BELGRAVE HOUSE, LEICESTER..

On the west side of Church Road, and built diagonally to Belgrave Hall to ensure an uninterrupted view from the Hall across 'The Gravel' to its original garden, Belgrave House was built about 70 years later than Belgrave Hall in the fashionable Queen Anne style. Its red brick facade has a different proportion of solid to void compared with Belgrave Hall and the centre portion is slightly recessed to emphasise the main entrance. Decoration is restrained, consisting of paired horizontal stucco bands, a simple eaves cornice with modillions and flat window arches picked out with contrasting mortar. Visual interest is concentrated around the centrally placed doorcase which has half-columns, a fanlight and open pediment, and the 19th century side wings with their painted balustrades, urns and window traceries.

Along the frontage to Church Road, slender decorative railings that are contemporary with the house afford an unrestricted view of the front of the house. The frontage to the west side of Church Road is completed by the Grade II listed gateway and railings of Belgrave Gardens. The gate piers add extra visual interest with cornices and ball finials and the curved flanking railings terminate in tall stucco piers topped with urns and torches. On the south side of the house, and forming one edge of the public footpath that leads to Vicarage Lane, is a pair of two storey stable blocks. These are also built in the simple Queen Anne style but the design of each is subtly different so that there is as much visual interest at the back as there is at the front. The pedimented gable on the front elevation of the stable block closest to the house is found on the back elevation of the smaller block.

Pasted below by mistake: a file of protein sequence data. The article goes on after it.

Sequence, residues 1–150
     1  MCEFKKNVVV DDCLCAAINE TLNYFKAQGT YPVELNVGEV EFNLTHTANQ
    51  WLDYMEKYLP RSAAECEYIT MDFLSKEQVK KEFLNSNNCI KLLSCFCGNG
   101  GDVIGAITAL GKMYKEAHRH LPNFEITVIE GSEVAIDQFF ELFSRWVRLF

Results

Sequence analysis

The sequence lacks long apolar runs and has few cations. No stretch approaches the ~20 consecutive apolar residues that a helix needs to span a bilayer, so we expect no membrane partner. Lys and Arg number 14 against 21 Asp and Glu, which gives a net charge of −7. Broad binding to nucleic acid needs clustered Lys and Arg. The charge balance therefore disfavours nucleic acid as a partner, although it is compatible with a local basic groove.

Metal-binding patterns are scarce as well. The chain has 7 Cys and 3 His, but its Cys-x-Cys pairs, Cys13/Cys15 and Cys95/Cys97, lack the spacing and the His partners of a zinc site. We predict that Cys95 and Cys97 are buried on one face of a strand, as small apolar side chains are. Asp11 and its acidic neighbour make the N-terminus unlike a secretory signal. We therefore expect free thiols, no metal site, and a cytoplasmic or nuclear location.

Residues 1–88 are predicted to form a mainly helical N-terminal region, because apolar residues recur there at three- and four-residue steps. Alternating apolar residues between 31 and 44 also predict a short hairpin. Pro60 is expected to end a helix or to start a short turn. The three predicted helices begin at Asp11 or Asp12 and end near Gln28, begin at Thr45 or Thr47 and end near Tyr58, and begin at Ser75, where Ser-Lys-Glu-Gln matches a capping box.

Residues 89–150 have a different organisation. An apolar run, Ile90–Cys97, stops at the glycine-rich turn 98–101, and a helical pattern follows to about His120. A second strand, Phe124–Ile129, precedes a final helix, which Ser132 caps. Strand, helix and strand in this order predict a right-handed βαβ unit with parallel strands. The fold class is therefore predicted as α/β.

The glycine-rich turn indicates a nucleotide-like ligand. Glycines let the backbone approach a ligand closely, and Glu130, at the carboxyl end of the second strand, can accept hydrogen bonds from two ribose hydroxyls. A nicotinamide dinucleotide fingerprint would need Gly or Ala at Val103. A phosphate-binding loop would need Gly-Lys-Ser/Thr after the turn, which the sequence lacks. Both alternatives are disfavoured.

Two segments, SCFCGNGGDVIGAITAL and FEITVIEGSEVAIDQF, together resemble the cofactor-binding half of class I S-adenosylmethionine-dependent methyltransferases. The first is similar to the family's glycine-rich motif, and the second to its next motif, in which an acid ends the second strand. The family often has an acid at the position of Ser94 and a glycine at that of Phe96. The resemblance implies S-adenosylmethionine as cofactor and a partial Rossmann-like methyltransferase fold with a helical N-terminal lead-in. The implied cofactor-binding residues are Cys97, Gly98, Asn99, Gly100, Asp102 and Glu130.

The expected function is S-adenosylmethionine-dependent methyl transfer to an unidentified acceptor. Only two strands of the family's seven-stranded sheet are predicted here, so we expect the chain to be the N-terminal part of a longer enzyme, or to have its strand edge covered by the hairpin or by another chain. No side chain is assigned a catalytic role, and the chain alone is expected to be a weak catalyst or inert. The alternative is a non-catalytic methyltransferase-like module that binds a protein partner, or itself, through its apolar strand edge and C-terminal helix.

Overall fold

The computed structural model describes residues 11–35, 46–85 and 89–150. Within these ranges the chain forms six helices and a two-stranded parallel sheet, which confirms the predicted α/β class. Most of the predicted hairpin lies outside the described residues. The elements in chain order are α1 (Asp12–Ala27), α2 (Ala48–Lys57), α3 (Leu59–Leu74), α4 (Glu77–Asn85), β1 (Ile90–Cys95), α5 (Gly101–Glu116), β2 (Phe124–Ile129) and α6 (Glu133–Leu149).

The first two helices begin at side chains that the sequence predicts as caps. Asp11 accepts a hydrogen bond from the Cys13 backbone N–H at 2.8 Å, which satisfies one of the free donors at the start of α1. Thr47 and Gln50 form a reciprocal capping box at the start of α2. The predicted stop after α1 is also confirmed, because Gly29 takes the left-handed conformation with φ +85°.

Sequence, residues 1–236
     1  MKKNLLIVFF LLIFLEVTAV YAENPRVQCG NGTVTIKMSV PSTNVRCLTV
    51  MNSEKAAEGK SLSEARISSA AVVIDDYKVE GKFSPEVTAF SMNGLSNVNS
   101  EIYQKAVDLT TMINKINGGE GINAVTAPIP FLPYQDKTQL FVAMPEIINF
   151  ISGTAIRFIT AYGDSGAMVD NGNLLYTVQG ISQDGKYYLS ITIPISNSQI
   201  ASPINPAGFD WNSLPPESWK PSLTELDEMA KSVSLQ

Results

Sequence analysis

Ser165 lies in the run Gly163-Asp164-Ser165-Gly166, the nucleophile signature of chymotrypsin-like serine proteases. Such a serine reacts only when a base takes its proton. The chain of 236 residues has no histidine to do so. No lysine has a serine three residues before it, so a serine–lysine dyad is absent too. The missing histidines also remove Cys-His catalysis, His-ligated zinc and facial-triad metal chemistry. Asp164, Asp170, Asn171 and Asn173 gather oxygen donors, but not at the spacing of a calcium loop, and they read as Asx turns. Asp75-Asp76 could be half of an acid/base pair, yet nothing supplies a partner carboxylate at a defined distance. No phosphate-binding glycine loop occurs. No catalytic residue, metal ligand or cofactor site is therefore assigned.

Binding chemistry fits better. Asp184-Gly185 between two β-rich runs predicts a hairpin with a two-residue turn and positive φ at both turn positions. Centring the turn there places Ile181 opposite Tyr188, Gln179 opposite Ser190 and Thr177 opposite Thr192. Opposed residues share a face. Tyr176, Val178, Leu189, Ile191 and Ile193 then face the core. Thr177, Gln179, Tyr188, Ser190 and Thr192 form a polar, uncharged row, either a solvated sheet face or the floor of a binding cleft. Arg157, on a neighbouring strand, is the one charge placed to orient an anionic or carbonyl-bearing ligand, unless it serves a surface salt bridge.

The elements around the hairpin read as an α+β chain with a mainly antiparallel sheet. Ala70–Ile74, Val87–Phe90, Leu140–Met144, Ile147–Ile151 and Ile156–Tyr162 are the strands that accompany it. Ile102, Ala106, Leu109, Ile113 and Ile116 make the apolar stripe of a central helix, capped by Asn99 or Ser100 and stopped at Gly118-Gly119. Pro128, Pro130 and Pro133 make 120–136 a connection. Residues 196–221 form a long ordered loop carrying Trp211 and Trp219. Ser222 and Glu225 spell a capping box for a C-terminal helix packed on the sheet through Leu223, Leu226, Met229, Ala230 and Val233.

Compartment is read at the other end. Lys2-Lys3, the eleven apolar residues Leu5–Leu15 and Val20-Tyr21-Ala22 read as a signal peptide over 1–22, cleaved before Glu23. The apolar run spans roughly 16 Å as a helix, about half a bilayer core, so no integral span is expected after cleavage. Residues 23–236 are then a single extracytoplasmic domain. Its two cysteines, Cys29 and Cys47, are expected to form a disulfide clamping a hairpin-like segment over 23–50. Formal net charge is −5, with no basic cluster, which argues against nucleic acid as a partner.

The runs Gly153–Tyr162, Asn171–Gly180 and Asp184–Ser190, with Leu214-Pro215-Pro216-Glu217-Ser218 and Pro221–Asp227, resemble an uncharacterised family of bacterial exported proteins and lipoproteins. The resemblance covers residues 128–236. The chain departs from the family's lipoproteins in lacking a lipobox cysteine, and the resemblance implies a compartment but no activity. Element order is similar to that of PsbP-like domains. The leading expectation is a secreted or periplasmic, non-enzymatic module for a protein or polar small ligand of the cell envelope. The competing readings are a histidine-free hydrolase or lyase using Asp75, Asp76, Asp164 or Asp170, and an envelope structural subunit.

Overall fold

The projecting centre section of the former is transposed into a recessed central feature in the latter. A flat arched window becomes a quatrefoil and so on. Round arched doorways and 'blind' windows, however, are common to both. The backs of both Belgrave House and its stables are open to Belgrave Gardens and all are important features in the landscape of the park. From a distance they appear to be part of the park, an illusion further fostered by the position of the brightly planted island flower beds in the lawn and the flower bed curving round the house. The boundary with the stables is marked by some slender contemporary railings..



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